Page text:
4. Plan where you’ll park in advance.
Once you park your car at the more crowded national parks and monuments — including Joshua Tree National Park near Palm Springs and Red Rock Canyon National Conservation Area near Las Vegas — you won’t want to move it. That means picking a spot in the right parking lot is crucial for making the most of your time.
Pick a parking lot close to the points of interest you’re most looking forward to visiting. Some parks have convenient shuttle services between landmarks, so take advantage of those. Whether you’re traveling during peak or shoulder season, check bus schedules beforehand to help plan your itinerary.
5. Consider a guided tour instead of going it alone.
National parks make education a priority with many placards, trail markers and museums along the way, but hiring a tour guide can make your visit much more engaging. Guides generally live in the park, forest or monument and know all the ins and outs, along with fun stories and tall tales.
The ranger tours at Saguaro National Park, less than a 2-hour drive from Scottsdale, Arizona, are excellent. Tour companies usually post up outside the park entrance, so research which one you’re interested in ahead of time and book in advance for the best availability. Tour guides may also be able to provide gear, like bikes or camping equipment.
6. Have a mission in mind.
The country’s national parks, forests and monuments are vast and sprawling, comprising millions of acres and many landmarks and historical markers. Pick a few must-do or must-see spots once you’ve decided where to visit.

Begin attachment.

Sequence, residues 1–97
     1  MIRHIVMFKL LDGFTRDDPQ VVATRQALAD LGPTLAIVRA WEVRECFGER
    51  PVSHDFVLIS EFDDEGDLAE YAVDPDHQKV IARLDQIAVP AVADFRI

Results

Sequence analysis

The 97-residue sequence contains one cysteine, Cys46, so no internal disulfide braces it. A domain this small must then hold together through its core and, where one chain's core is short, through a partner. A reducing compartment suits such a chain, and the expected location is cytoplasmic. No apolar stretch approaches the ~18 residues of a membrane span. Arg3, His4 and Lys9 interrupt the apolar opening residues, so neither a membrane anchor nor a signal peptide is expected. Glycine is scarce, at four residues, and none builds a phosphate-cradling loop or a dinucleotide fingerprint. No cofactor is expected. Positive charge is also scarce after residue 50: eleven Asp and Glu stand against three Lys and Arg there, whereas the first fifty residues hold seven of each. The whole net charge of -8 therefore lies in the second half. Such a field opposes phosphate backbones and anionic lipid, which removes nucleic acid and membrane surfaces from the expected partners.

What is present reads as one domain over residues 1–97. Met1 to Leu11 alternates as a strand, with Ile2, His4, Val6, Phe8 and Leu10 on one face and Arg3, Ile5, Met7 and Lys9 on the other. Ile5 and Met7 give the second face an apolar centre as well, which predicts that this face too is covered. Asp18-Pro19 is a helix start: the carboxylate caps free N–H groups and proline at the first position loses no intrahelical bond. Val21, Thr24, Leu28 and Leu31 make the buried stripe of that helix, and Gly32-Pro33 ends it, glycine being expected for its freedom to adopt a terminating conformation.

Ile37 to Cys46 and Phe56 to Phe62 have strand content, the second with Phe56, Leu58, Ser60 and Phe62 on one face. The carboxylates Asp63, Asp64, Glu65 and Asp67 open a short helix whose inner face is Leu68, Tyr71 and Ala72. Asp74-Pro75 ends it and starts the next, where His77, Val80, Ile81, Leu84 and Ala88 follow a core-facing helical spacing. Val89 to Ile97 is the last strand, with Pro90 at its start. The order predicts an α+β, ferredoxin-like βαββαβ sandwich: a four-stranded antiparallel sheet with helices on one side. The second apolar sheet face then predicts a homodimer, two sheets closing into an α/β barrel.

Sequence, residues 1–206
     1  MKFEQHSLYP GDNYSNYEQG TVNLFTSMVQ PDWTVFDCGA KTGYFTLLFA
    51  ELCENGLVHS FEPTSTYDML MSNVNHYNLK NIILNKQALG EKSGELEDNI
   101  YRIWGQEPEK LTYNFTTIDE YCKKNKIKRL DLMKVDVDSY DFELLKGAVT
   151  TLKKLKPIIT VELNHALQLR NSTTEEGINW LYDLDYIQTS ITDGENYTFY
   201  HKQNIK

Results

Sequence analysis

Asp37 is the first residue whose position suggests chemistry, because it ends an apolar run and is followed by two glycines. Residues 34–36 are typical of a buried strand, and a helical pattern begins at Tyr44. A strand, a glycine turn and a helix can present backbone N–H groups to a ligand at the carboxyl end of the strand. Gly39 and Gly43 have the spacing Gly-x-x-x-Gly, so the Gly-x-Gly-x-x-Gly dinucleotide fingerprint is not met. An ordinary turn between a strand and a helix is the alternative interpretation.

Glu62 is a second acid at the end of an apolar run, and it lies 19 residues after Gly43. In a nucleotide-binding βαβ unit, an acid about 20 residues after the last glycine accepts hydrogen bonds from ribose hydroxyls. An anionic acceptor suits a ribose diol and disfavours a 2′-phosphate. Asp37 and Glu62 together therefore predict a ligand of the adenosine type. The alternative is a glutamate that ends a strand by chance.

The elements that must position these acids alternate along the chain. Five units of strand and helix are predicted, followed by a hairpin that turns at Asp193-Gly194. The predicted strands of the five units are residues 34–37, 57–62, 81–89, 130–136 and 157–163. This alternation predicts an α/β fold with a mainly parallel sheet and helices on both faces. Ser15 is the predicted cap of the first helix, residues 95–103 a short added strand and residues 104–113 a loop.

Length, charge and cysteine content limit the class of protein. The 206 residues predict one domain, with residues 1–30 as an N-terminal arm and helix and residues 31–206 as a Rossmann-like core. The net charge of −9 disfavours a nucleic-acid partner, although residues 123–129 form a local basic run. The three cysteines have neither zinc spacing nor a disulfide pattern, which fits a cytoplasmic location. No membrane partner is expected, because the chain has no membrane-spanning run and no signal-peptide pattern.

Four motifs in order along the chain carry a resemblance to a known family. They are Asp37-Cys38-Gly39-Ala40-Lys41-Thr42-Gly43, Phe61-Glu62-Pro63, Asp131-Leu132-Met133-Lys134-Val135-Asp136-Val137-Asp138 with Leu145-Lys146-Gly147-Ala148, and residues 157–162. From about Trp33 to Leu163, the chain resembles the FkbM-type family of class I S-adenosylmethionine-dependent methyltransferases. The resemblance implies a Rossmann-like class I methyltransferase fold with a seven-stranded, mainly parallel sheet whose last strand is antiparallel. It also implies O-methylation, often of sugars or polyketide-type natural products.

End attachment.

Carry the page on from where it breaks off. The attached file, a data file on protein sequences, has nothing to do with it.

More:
It’s easy to get overwhelmed by the sheer number of vistas, hiking trails, natural wonders and other items to check off your list. After all, it’s impossible to see everything in one trip. Choose two or three sites, depending on how long you have to stay, and stick to those. For example, at Cibola National Forest near Santa Fe, you could visit the Sandia Peak Tramway and the National Museum of Nuclear Science & History for a full day of exploring. Then use your Hilton Honors™ Points to stay at Hilton Santa Fe Buffalo Thunder to relax sore muscles in the pool or get a deep-tissue massage at the spa.
7. Stay with Hilton Grand Vacations.
After full days of adventuring, you’ll want to return to a comfortable, spacious home base with amenities that will restore your vigor for the fun that follows. Luckily, our resorts are located within a quick drive to many amazing national parks, forests and monuments, making your trip there and back smooth and efficient.
For example, Hilton Grand Vacations Club Palm Desert in Palm Desert, California, is less than an hour from Joshua Tree National Park and the San Bernardino National Forest. Elara, a Hilton Grand Vacations Club, in Las Vegas, sits between Lake Mead National Recreation Area and the Red Rock Canyon National Conservation Area.